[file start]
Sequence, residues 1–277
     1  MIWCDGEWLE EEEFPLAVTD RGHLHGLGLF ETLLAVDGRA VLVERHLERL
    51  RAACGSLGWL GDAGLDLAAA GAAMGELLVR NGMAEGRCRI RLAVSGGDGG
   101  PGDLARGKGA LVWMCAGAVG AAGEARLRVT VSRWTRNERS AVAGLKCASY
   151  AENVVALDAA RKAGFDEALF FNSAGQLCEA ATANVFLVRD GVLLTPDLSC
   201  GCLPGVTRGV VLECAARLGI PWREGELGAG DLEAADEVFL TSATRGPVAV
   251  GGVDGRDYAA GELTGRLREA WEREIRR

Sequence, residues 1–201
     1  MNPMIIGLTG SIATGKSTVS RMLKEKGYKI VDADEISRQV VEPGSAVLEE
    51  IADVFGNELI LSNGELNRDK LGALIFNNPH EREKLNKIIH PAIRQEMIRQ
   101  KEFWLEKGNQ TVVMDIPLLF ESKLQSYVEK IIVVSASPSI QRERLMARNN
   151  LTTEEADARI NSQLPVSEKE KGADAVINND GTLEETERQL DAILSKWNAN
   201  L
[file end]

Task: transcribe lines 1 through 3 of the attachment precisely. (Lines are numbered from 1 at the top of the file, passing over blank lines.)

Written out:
Sequence, residues 1–277
     1  MIWCDGEWLE EEEFPLAVTD RGHLHGLGLF ETLLAVDGRA VLVERHLERL
    51  RAACGSLGWL GDAGLDLAAA GAAMGELLVR NGMAEGRCRI RLAVSGGDGG